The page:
Introduction: Differing Understandings



A disciple of a Muslim Sufi advised a community of Hindus in Lucknow, India, to install the Guru Granth Sahib, a text that is central for Sikhs, in their community center. Rather than seeing the installation of a text commonly associated with Sikhism in their Hindu institution as problematic, this community followed his suggestion, enshrining the Guru Granth Sahib under a canopy, much like the text is enshrined in Sikh gurdwaras (institutions housing the Guru Granth Sahib). They even placed a picture of Guru Nanak (the first guru in the Sikh lineage) in the room and named the room the Harmandir, thus connecting it with the Harmandir (Golden Temple) in Amritsar, Punjab, an important Sikh shrine. Over the next few decades, this little room became a focal point for this community in Lucknow, particularly as a site for festivals that connected them with their home region, Sindh, which they had left when it became a part of Pakistan during the Partition of the Indian subcontinent in 1947.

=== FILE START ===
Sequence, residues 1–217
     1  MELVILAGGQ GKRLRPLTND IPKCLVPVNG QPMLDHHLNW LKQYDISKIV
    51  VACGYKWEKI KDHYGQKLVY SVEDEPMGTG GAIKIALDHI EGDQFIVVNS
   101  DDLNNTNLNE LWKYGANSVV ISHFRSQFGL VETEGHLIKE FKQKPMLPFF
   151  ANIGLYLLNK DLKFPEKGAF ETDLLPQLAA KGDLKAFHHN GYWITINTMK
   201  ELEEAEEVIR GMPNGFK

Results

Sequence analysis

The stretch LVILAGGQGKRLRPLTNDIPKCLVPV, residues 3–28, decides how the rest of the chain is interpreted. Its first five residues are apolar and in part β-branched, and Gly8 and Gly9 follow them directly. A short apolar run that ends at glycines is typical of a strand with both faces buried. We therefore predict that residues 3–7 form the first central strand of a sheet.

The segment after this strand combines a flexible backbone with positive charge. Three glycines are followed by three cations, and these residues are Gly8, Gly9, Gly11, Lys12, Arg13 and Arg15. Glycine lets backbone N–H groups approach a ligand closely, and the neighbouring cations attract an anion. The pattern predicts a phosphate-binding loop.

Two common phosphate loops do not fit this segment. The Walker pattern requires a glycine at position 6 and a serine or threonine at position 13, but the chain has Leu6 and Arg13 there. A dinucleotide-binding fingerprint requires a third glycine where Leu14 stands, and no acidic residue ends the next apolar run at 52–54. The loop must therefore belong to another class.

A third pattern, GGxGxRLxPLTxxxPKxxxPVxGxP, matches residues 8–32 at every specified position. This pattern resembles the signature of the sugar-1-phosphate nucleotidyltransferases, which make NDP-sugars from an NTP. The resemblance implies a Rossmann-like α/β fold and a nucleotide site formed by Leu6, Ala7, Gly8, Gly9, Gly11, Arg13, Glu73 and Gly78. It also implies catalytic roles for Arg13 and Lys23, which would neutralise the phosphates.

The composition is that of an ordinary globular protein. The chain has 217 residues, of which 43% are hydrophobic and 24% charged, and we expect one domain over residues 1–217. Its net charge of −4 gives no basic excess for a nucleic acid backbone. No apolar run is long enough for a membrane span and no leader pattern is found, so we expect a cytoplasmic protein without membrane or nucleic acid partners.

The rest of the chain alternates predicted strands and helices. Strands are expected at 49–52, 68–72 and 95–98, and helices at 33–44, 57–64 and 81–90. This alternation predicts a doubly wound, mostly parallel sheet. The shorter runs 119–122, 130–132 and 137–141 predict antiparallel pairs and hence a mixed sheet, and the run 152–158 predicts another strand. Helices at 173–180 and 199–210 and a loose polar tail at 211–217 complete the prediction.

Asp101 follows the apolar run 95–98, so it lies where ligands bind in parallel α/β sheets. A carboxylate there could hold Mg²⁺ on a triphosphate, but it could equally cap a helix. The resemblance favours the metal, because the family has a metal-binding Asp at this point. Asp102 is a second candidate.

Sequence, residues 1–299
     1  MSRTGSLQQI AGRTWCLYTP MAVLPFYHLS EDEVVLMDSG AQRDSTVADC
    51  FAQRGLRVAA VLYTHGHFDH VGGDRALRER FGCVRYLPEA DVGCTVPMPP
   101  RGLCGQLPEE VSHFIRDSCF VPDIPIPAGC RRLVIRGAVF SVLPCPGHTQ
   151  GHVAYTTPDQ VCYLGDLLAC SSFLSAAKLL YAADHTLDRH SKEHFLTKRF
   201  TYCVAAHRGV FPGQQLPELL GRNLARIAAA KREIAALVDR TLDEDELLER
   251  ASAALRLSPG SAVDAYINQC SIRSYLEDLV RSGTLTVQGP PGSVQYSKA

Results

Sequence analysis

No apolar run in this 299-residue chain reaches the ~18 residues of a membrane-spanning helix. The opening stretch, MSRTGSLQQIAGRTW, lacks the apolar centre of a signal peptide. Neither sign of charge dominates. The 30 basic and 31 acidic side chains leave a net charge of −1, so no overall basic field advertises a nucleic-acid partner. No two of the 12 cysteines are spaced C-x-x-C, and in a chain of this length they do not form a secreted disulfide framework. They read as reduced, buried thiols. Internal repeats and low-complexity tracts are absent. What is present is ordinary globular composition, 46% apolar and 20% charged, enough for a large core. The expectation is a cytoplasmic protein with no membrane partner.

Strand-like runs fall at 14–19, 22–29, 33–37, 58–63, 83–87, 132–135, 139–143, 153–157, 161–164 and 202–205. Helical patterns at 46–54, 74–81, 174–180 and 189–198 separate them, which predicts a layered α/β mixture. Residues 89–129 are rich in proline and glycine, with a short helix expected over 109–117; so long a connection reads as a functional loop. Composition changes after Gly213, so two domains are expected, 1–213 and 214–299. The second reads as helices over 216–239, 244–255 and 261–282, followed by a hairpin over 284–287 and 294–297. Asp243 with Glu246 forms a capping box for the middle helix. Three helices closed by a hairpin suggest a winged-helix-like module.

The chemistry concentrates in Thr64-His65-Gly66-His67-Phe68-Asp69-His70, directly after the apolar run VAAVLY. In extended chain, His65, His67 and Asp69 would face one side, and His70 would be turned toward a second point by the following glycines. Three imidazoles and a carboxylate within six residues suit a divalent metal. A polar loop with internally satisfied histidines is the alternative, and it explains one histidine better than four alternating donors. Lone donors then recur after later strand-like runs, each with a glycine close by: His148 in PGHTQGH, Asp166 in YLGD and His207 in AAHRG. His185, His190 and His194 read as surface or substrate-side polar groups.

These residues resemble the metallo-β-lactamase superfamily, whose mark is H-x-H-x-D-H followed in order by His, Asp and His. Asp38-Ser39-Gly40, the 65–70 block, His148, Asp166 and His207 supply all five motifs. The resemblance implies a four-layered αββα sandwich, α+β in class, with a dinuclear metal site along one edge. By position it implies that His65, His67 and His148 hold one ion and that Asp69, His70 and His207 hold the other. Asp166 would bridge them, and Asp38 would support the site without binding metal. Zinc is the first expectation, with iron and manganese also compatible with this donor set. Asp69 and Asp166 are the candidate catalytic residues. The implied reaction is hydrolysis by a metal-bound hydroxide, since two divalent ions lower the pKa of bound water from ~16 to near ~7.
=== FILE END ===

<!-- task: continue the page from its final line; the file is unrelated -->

Home Region Religious Site Religious Boundary Institution Housing Dominant Understanding 
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© Steven W. Ramey 2008

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